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Sue Cooley

A generous benefactor who enriched Reed both academically and artistically, Sue Cooley was the last of the Fantastic Four, two dynamic couples—Ed and Sue Cooley and John and Betty Gray—who stepped in to provide leadership and direction in the 1970s when Reed was struggling, and instead of just treading water, imagined something great.

Sue was born in 1923 in Brazil, where her father worked for the YMCA. The family moved back to the U.S. when she was six, settling in Swarthmore, Pennsylvania. Sue graduated from Swarthmore College in 1944 with a degree in psychology. That year, she married Edward Cooley, also from Swarthmore, whom she’d known since high school. At Harvard Business School Ed met John Gray, who suggested that he come to Portland and help with his chainsaw company, Omark Industries. The Cooleys moved to Portland in 1950, where they raised three children, Susan, Douglas, and Caroline. Ed started Precision Castparts, which originally provided cast parts for Omark. It grew into a giant casting company that provided parts for the aerospace industry.

Many of Sue’s ancestors were artisans who valued working with their hands, and she developed a lifelong passion for painting as a child. As a young woman, she worked for a ceramic artist, and later volunteered at the Ceramic Studio in Portland. That interest in the arts and painting informed her service on the board of the Portland Art Museum, and on Bainbridge Island, where she helped fund the Bainbridge Artisan Resource Network (BARN). She also supported many artists in the Northwest and Maui.

In the 1960s, President Richard Sullivan [president 1956–67] began recruiting board members who could help secure Reed’s future. One of those people was Ed Cooley, whose long association with Reed began in 1966, when he was named to the Reed nuclear reactor committee and donated funds for the facility. He joined the board in 1968 and was an active and generous trustee.

“When Ed came to Reed, so did Sue,” explained Hugh Porter, vice president for college relations. “We were really fortunate to have Ed and Sue and John and his wife Betty so closely involved with Reed. They made a dynamic foursome.”

In 1988, the Cooleys and the Grays gave a gift of $4.7 million to Reed, part of which established the Douglas F. Cooley Memorial Art Gallery in honor of the Cooleys’ son Douglas, who died in 1982. The mission of the gallery is to enhance the academic offerings of Reed with a diverse range of scholarly exhibitions, lectures, and colloquia in its role as a teaching gallery. The Cooley/Gray art fund also provided funding for the Joshua C. Taylor Chair in Art History and Humanities (currently held by Prof. Dana Katz [art 2005–]) and the Jane Neuberger Goodsell Professorship in Art History and Humanities (currently held by Prof. William Diebold [art 1987–]). In addition, the gift created the Stephen E. Ostrow Distinguished Visitors Program in the Visual Arts. Through the Cooley Gallery, the fund also supports a free educational outreach initiative serving the K–12 community, which engages young students in sustained and rigorous dialogue about the works of art in the gallery, coordinated by Gregory MacNaughton ’89.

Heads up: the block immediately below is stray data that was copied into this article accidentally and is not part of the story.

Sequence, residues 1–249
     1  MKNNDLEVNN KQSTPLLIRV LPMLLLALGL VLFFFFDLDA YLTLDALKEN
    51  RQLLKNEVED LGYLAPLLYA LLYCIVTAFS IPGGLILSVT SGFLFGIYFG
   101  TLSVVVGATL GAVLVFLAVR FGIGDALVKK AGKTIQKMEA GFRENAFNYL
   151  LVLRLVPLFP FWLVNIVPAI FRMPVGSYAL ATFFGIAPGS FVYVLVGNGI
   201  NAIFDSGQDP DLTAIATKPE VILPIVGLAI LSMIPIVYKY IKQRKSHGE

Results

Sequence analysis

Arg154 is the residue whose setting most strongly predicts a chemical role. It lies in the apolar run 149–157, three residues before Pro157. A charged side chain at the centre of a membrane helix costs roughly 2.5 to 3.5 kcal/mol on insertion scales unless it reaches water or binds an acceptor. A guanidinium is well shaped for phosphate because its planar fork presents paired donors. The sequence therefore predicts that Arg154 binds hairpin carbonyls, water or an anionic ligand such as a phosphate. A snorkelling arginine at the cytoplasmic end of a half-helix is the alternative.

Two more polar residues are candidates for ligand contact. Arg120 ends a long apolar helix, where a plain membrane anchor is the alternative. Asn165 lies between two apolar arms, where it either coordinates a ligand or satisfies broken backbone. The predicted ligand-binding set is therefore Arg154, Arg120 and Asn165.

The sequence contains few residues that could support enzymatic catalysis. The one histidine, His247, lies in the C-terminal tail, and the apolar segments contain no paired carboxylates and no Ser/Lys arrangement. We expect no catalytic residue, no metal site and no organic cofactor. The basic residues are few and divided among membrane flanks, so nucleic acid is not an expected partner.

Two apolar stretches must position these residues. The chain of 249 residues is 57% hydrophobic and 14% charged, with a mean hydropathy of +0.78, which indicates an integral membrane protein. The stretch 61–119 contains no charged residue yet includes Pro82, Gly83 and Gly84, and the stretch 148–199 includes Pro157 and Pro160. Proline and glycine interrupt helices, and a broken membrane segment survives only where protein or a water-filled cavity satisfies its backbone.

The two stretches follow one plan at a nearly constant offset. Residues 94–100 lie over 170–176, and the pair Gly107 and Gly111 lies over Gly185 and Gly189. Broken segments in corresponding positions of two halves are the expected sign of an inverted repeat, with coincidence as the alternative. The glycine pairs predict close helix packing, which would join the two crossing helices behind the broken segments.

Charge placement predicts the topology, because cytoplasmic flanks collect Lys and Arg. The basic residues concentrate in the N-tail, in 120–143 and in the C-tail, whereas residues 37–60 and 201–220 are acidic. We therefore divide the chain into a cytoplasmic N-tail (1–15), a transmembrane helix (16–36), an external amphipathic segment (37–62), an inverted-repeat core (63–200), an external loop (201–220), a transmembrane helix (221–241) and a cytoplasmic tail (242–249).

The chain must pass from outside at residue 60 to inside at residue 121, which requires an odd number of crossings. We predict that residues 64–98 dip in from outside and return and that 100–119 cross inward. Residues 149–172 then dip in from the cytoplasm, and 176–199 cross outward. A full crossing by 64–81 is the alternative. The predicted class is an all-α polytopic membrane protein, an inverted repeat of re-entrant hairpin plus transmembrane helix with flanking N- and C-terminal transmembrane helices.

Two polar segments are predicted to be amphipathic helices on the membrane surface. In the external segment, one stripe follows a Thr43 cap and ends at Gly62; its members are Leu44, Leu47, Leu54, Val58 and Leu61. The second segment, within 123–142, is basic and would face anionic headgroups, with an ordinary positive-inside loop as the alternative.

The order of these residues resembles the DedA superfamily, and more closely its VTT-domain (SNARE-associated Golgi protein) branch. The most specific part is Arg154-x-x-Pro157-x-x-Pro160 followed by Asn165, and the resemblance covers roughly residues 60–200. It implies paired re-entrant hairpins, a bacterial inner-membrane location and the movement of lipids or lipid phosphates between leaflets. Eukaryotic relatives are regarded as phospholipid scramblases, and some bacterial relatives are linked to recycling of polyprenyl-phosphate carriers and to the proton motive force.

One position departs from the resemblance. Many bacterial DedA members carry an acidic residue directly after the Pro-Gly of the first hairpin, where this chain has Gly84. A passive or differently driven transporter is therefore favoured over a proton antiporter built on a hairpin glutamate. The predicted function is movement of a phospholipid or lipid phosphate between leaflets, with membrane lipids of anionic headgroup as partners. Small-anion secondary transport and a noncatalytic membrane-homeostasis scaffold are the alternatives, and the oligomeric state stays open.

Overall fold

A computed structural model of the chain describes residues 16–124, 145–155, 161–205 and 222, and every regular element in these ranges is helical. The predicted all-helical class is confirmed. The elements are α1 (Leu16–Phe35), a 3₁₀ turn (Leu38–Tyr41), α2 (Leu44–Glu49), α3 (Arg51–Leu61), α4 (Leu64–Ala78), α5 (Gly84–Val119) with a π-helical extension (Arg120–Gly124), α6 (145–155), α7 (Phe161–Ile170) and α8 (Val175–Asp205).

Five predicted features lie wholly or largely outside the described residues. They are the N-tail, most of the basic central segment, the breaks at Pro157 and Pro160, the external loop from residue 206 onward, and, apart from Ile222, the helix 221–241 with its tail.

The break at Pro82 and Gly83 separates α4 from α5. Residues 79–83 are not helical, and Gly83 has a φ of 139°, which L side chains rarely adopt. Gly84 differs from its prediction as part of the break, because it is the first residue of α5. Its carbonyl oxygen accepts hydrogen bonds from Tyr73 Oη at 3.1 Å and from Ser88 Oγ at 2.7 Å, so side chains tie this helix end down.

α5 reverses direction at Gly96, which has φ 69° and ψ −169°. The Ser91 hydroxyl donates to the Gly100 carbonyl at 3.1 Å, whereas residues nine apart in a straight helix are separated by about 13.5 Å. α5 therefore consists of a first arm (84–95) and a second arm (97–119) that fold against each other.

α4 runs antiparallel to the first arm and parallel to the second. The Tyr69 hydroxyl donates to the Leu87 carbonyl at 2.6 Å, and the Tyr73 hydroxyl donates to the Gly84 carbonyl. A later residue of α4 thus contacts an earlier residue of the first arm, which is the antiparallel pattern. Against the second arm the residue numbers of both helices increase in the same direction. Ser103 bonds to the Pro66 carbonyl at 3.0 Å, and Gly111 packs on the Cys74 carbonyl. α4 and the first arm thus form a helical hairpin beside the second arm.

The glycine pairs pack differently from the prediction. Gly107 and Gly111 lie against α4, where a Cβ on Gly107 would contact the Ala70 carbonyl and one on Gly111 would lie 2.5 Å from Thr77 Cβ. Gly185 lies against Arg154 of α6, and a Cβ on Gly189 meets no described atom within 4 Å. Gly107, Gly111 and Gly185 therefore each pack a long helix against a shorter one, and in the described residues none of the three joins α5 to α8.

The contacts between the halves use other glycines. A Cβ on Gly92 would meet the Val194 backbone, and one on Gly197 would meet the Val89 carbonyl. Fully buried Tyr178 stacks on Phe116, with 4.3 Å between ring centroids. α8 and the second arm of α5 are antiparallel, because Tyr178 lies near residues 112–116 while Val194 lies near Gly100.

Following her husband’s death, Sue established the Edward H. Cooley Scholarship Fund to provide financial aid to students with need. As one recipient wrote to her: “Whatever beauty will surround me will be because of you and this scholarship. I will not say thank you but instead I will make my life into a piece of art and dedicate it to you and all this generosity in the world.”

A year later Sue established the Elizabeth N. Gray Scholarship in memory of her friend, Betty Gray.

“Sue was a presence,” said Porter. “She wanted to understand the impact of her gift and to stay on top of the spending to understand how students were helped. She never lost interest.”

In later years, Sue and Ed established a second home on Maui. She grieved the untimely loss of two adult children with grace, and following the death of Ed in 2000, moved to Bainbridge Island, Washington, where her daughter Caroline lived, spending winters on Maui.

Her daughter, Caroline Browne, survives Sue, as do three grandchildren and two great-grandchildren.

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